Home / 103

Aged care reforms: are the changes fair?

The primary objective of the aged care reforms that commenced on 1 July 2014 was to “create a better system to give older people more choice, more control and easier access to a full range of aged care services”. From a financial perspective the two major changes were that aged care operators would be required to set and publish the price for every bed in their facilities and the government would conduct a comprehensive means test of aged care residents to determine their capacity to contribute towards their cost of accommodation and care.

Just to recap, the comprehensive means test formula is:

50c per dollar of income above $25,264 per annum (single) or $24,796 per annum each (couple) plus

17.5% of assets between $46,000 - $157,051 plus

1% of assets between $157,051 - $379,154 plus

2% of assets above $379,154.

Where the outcome is less than $53.39 per day the person is classified as low means and the calculated amount is their contribution towards their accommodation. Where the amount is greater, the person needs to pay the facility’s market price and the amount above $53.39 per day is their means tested care fee.

The means tested care fee is capped at $25,529 per annum or the cost of care. There is also a lifetime limit of $61,269 across both home and residential aged care.

Is the new system really fairer?

More than nine months into the new world order we can clearly see what choice and fairer means testing have amounted to. Let’s start with the people the government considers financially disadvantaged, known as low means residents, who have their assets and income assessed based on the following formula:

50c per dollar of income above $25,264 (single) or $24,796 each (couple) plus

17.5% of assets between $46,000 - $157,051

While it may seem fair, let’s look at the financial outcomes of this means testing.

Shirley is a full pensioner with $50,000 in the bank and $1,000 worth of personal effects. As her income is below the threshold Shirley’s Daily Accommodation Contribution is calculated on her assets as follows:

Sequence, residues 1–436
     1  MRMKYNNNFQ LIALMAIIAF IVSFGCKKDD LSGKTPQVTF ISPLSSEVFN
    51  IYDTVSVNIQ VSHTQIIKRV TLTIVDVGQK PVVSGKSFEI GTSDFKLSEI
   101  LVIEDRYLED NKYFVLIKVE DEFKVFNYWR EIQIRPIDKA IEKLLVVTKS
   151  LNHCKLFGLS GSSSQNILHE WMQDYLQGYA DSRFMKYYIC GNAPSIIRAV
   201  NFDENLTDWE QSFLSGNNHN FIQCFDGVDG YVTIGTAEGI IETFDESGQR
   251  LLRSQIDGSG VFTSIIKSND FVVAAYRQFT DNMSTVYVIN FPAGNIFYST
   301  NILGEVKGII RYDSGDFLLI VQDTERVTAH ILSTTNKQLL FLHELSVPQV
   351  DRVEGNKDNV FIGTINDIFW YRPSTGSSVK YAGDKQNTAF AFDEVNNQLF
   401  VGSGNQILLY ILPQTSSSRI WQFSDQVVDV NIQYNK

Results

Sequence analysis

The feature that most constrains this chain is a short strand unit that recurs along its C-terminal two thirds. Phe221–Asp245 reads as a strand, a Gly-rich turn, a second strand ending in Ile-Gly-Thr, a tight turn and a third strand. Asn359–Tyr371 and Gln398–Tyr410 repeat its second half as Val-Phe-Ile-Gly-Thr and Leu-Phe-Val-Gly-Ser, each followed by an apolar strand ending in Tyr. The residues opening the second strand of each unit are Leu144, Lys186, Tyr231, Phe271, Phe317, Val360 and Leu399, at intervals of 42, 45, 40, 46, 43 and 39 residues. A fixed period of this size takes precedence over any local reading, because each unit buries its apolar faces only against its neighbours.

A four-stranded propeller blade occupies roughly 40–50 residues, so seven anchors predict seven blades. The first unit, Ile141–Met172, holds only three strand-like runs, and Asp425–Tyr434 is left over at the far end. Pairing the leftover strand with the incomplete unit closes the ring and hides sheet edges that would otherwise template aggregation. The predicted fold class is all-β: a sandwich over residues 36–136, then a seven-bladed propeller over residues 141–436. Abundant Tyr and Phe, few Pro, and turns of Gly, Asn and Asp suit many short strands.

$51,000 - $46,000 x 17.5% = $875 per annum or $2.40 per day

Because all residents have the choice of paying for their cost of accommodation by a lump sum, daily charge or a combination, Shirley can choose to convert her daily charge to a lump sum, known as a Refundable Accommodation Contribution or RAC.

The formula for this is:

$875/6.75% = RAC of $12,963

So even though Shirley’s assessable assets are $5,000 ($51,000 - $46,000) the means testing will say that she can afford to pay almost $13,000.

Let’s look at another example. Jeff is a full pensioner with $140,000 in the bank and $10,000 in personal effects including a car. Jeff is also below the income threshold and so would only have his accommodation contribution calculated based on his assets.

Jeff’s Daily Accommodation Contribution would be $50 per day and the equivalent Refundable Accommodation Contribution would be $269,630! At least Shirley has enough money in the bank, unlike Jeff.

Doubtful consumer protection

The market price obligations have not proven to be the consumer protection measure many people expected either. In a nutshell it’s as simple as ‘if no-one can pay more, no-one can pay less’. Prior to the aged care reforms people could only pay an amount up to their total assessable assets, being left with $45,000. Since the reforms, anyone who is not considered a low means resident needs to pay the market price.

Consider the following example. Jack is a full pensioner living in a retirement village, he will receive $150,000 from the sale of his unit and he has $45,000 in the bank and $5,000 in personal effects. Because Jack’s assets exceed the $157,051 cap he needs to pay the market price.

Jack wants to move to the aged care facility on the same site as the retirement village to remain close to his friends, the market price is $450,000 by Refundable Accommodation Deposit (RAD) or $83.22 per day by Daily Accommodation Payment (DAP).

While in theory Jack has the ‘choice’ of paying by lump sum, daily charge or combination, in reality Jack cannot afford to pay by lump sum alone as he has insufficient assets, he also cannot afford to pay solely by daily charge as his income is not great enough to meet the expense. Jack will need to pay by combination.